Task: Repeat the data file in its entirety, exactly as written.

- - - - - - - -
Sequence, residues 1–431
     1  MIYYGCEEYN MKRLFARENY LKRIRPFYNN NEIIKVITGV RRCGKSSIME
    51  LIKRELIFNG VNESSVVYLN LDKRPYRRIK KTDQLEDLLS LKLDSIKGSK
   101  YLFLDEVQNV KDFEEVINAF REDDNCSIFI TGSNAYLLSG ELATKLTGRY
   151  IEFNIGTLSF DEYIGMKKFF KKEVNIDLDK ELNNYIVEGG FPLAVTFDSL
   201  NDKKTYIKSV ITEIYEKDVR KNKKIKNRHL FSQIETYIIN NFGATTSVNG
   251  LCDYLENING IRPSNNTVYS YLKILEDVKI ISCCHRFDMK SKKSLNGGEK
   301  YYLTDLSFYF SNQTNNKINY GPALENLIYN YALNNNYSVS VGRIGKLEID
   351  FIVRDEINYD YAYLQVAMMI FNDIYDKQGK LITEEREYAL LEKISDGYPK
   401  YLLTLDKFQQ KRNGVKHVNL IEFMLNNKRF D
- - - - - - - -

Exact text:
Sequence, residues 1–431
     1  MIYYGCEEYN MKRLFARENY LKRIRPFYNN NEIIKVITGV RRCGKSSIME
    51  LIKRELIFNG VNESSVVYLN LDKRPYRRIK KTDQLEDLLS LKLDSIKGSK
   101  YLFLDEVQNV KDFEEVINAF REDDNCSIFI TGSNAYLLSG ELATKLTGRY
   151  IEFNIGTLSF DEYIGMKKFF KKEVNIDLDK ELNNYIVEGG FPLAVTFDSL
   201  NDKKTYIKSV ITEIYEKDVR KNKKIKNRHL FSQIETYIIN NFGATTSVNG
   251  LCDYLENING IRPSNNTVYS YLKILEDVKI ISCCHRFDMK SKKSLNGGEK
   301  YYLTDLSFYF SNQTNNKINY GPALENLIYN YALNNNYSVS VGRIGKLEID
   351  FIVRDEINYD YAYLQVAMMI FNDIYDKQGK LITEEREYAL LEKISDGYPK
   401  YLLTLDKFQQ KRNGVKHVNL IEFMLNNKRF D